The history books paint mid-twentieth century northern industrial towns as grim places full of privation, poverty and soaring unemployment. It’s a narrative so dominant you could be forgiven for thinking nothing joyful ever happened there. But one woman, armed with a camera and a passionate belief in social justice, challenged the orthodoxy by showing life from every angle.
Shirley Baker aimed to illuminate the hardships faced by northern people, but she also showed the positive side of life in the north: the humour, the playfulness, the steel-strong community bonds. Baker was one of a shamefully small number of female photographers working in the 50s and 60s, and though she died last year, she lives on through a body of work that’s seen as an increasingly important resource for social historians.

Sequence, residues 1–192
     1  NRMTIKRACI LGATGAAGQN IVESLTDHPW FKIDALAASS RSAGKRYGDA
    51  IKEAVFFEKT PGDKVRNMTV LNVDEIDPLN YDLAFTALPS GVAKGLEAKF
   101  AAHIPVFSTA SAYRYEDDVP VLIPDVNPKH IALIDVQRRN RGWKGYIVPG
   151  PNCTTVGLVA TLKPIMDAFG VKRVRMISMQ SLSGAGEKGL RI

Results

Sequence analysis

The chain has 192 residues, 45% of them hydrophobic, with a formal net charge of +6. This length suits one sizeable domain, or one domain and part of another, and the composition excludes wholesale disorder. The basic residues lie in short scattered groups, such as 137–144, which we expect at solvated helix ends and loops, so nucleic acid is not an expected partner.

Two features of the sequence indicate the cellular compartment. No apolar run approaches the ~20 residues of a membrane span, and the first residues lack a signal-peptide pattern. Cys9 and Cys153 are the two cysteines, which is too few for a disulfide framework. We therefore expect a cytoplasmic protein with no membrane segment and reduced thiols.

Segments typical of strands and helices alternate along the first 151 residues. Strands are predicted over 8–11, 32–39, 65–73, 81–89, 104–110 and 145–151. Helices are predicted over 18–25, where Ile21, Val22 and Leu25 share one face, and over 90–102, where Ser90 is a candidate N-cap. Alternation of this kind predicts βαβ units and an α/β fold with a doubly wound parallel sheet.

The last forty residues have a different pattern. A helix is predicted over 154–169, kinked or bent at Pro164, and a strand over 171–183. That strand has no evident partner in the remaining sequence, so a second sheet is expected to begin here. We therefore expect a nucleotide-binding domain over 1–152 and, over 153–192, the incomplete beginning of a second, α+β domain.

A new exhibition at the Photographer’s Gallery will serve as a fitting tribute to a woman who refused to let contemporary attitudes stand in her way.
Shirley Baker: Women, Children and Loitering Men, will be at the Photographer’s Gallery from 17 July